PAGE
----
How does one get that first or second job? You don’t have any experience, but you need someone to trust in you and pick YOU to deliver flyers, scoop ice cream, plant trees, stuff envelopes or hammer nails.

One quick track to getting that experience is to volunteer. You should have started when you were 12, but it’s never too late. Tell everyone you know that you are willing and able to take on any chore or responsibility that will give you a new skill.

Once you’ve gained some experience, you can transfer the new skills you’ve acquired into your job search and apply them to your resume. For example, shoveling the snow for people on your street will teach you commitment, reliability, dependability, tenacity, and hard work. It will also keep you in good shape. All these things are transferable. A comprehensive list of volunteer possibilities and the skills and strengths you can draw from them is below.

Look on the internet for Volunteer Bureaus in your area. Sites like will connect you with opportunities, while offers opportunities to work with Habitat for Humanity. You can also find a business you want to work with and approach them directly. Prepare a short, effective presentation that speaks to why the potential customer needs to take you on. Demonstrate your abilities, for example, by designing a flyer that shows off your graphic and computer skills.

Once you get the experience, the building starts. With each activity you take on, assess what you have learned. Convert this information into transferable skills that you can talk about in an interview and write into your resume. Just because you aren’t paid to work doesn’t mean you aren’t working, learning and growing.

Be prepared to explain that because when you did X in the volunteer work it made you understand and relate to Y better, therefore you can easily see yourself doing W in this job. Prepare a Situation Action Result statement about each new skill you have acquired and used in your volunteer work.

Note that the networking possibilities here are plentiful. Many employed people volunteer so these placements could be a great opportunity for you to uncover a hidden job posting.

Skills and Strengths Learned From Volunteering

Shoveling snow – commitment, reliability, dependability, strength and wellness of body, tenacity, hard working

Mowing grass, weeding, watering gardens – proper use and care of equipment, thoroughness, physical wellness, reliability, dependability; knowledge of plants, temperature, soil

Construction – physical wellness, attention to detail, following instructions and orders, camaraderie, trust, safety, use of tools, communication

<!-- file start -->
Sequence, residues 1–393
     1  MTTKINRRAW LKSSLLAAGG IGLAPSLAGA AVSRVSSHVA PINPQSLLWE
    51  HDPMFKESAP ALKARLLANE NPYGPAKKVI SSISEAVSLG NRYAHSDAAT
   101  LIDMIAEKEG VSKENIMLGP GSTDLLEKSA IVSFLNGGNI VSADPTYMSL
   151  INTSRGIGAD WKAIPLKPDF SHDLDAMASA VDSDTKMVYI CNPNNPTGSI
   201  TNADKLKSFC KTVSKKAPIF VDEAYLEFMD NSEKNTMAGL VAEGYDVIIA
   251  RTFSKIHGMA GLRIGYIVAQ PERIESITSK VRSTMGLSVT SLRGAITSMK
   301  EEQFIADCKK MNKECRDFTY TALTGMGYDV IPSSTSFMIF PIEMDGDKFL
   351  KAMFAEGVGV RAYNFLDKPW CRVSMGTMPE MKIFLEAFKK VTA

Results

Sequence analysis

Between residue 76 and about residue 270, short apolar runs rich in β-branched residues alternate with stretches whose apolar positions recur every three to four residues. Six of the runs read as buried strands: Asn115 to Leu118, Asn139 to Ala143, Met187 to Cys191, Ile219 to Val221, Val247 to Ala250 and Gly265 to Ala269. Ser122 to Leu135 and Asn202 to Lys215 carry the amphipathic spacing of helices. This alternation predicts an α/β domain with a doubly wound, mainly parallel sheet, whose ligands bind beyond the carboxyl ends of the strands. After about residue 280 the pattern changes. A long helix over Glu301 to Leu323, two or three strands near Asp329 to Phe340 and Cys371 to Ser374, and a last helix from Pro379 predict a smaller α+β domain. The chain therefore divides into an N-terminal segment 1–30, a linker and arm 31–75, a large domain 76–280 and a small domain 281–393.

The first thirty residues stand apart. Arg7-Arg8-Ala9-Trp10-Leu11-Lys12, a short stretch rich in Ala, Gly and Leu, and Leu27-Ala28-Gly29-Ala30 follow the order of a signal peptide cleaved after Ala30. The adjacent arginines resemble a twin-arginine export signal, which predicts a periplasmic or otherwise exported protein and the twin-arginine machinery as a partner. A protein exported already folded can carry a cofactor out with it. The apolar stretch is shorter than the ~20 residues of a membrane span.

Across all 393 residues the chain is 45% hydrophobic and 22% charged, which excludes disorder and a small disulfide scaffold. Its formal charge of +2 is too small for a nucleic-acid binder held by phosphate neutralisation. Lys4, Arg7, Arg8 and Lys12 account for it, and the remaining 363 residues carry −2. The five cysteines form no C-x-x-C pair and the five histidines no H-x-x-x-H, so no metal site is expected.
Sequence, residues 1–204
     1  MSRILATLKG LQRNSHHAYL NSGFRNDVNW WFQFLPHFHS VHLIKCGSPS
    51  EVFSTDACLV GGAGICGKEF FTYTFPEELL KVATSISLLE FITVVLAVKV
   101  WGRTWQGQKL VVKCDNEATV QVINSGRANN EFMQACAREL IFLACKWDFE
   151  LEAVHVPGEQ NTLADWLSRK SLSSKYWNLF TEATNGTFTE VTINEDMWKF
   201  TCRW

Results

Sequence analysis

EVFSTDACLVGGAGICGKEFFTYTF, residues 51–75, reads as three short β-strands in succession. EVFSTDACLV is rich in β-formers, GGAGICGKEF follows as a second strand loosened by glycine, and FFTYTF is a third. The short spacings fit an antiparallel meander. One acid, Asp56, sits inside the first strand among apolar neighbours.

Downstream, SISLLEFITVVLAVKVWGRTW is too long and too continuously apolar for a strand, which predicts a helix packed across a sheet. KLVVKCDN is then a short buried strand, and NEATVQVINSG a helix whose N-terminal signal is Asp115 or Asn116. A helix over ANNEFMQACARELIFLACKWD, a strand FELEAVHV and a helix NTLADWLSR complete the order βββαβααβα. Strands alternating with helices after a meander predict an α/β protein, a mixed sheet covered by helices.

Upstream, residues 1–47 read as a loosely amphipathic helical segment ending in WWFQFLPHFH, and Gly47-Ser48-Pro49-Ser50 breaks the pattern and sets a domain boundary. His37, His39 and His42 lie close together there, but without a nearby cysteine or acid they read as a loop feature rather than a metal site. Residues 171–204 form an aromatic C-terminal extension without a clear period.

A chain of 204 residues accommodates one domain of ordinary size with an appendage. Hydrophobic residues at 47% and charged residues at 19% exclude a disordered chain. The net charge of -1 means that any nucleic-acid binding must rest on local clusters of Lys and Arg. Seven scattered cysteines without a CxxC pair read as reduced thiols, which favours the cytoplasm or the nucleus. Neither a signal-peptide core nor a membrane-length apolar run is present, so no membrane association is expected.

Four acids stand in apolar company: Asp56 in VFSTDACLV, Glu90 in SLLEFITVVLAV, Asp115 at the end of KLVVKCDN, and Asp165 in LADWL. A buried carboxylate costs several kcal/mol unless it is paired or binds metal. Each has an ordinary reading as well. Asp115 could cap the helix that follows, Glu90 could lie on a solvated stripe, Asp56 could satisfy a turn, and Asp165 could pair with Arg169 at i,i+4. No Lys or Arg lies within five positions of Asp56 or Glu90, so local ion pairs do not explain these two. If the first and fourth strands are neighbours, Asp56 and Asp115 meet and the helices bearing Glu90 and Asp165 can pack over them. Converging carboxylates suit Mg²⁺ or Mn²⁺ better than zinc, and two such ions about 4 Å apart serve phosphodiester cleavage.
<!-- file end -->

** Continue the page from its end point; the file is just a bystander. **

Pet Sitting – reliability, dependability, thoroughness, responsibility

Dog walking – reliability, dependability, responsibility, knowledge of pet care and attention and responsiveness to behavior

Animal care – rescue efforts, feeding, fostering, monitoring, transporting, walking, cleaning cages, responding to questions about animals and/or their habitat, fundraising initiatives

House sitting – reliability, dependability, responsibility

Assisting seniors – patience, kindness, listening, reliability, dependability, responsibility, driving; communication such as speaking on their behalf to doctors, pharmacists, hair dressers, banks, family members and to them specifically

In a workplace – operating equipment, communicating with diversified personnel, techniques and procedures for executing business, social media, computer and web skills, reliability, professional demeanor, assertiveness, following orders, interpersonal skills

Retail – customer service, attention to detail, taking the initiative, creativity for new or faster ways to accomplish a task, organizing, interpersonal skills, product knowledge, an understanding of retail operations, meeting new people, following orders, being helpful

Hospitals/Health centres – assisting with meals, spiritual/emotional encouragement to clients and their family, recreational planning and participation, patience, kindness, understanding, communication

Entertainment – taking the initiative, assertiveness, creativity, professional improvement, interpersonal skills, communication

Employers take volunteer work on a resume very seriously, it is up to you to make the link between what you did and what you can do for an employer.